Interest in magic seems inevitable to a generation raised on Harry Potter and Peter Jackson's Lord of the Rings films, which made Magic so palpable and seductive,  but one has to wonder if this is just the latest ephemeral obsession-- like vinyl collecting or organized skepticism-- or something more durable?
The reason I ask is that I'm old enough to have lived through a couple of occult revivals now. I can't question the facility or intellectual firepower of a lot of people who've applied themselves to magic  (certainly not the people who've committed themselves to it), most of them are a lot smarter than me. 
But I do have serious reservations about the power of Magic itself. If you believe that it's real and that it works you have to understand that it's not something you can walk away from once you get tired of it. And Magic is something that's fucked up the lives of some of the best and the brightest the world has ever known. 

The history of Magic is like a Greek tragedy, a parade of incredible minds who paid a heavy price for trying to crash Olympus. John Dee is a good example. Paracelsus is another. More recently, we have Crowley and Parsons. All of these guys were brilliant polymaths and under different circumstances probably would be sitting in the history books next to the Newtons, Galileos and Einsteins. It didn't work out that way.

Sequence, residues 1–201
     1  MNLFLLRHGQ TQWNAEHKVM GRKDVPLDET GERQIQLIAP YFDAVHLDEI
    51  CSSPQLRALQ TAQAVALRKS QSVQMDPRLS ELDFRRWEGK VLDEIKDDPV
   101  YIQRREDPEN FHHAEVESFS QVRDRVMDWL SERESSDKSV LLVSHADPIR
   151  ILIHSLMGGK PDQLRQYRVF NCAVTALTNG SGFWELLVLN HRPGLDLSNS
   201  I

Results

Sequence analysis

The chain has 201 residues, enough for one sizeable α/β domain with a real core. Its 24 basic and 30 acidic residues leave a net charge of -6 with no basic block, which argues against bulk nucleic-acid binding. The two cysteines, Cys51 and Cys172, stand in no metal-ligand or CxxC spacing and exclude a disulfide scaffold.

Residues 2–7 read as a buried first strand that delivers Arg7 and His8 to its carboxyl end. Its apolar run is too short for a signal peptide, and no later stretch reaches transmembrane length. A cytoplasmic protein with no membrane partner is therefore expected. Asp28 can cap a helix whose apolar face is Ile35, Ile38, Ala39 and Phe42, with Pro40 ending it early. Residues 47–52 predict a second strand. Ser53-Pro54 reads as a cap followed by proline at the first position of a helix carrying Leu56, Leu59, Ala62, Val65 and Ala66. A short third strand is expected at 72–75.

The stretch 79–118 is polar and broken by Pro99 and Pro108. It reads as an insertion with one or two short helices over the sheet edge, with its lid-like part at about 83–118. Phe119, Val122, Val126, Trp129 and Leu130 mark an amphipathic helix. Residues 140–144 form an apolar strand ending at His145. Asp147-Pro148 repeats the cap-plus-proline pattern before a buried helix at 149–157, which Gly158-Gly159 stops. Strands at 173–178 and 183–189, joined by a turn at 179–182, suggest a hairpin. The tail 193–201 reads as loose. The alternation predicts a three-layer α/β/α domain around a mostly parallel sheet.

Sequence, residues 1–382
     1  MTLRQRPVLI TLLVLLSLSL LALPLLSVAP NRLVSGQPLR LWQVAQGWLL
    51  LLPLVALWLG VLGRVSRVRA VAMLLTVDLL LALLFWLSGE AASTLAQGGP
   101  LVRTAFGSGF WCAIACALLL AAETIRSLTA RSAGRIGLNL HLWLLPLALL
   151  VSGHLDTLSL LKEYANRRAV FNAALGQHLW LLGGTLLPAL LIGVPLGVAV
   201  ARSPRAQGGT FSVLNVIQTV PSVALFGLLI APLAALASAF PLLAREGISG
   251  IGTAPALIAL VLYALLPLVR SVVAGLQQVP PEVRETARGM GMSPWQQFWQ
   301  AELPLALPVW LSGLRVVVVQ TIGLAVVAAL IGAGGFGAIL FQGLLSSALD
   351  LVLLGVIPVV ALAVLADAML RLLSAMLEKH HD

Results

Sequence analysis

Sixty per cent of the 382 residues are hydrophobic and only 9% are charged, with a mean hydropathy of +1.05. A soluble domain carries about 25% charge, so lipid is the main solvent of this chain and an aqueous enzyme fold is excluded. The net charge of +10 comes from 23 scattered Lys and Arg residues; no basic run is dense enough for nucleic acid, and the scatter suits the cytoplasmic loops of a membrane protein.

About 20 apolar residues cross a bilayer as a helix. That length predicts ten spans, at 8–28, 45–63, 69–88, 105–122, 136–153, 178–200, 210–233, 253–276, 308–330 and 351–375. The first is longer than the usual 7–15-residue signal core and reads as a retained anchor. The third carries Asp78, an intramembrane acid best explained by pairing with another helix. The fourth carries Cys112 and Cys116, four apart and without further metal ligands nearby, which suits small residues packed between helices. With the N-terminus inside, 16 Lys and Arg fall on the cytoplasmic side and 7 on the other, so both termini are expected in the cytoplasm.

A lot of otherwise brilliant magicians seemed to break or ignore a cardinal magical rule somewhere or other and end paying a steep price for it. You could add even John Keel and Robert Anton Wilson to the list if you want to grow the category a bit. 
I'm not trying to discourage interest in or involvement with Magic. I'm not trying to pretend that I could. What I'm saying is that I think it's a lot more powerful- and potentially destructive- than the fluff pieces in the lifestyle sections of mainstream media outlets would lead you to believe. Chalk it up to the power of suggestion if you prefer but the results will probably be the same.
I'm probably preaching to the converted here but it seems to be worth repeating nonetheless. If it's real and it's powerful than it can cut your fingers off, just like any power tool. And given how deep this new generation of curators have gotten with it, the potential for damage only grows.
There could be entirely materialistic explanations for Magic's reality; the power of suggestion again or the subtle and complex machinations of the Unconscious. But that doesn't make the effects any less real or potentially dangerous. 
Which is why I think anyone who takes Magic seriously is better off in the hands of an experienced practitioner, someone who knows where all the bodies are buried and the traps are laid (see note for humble suggestion).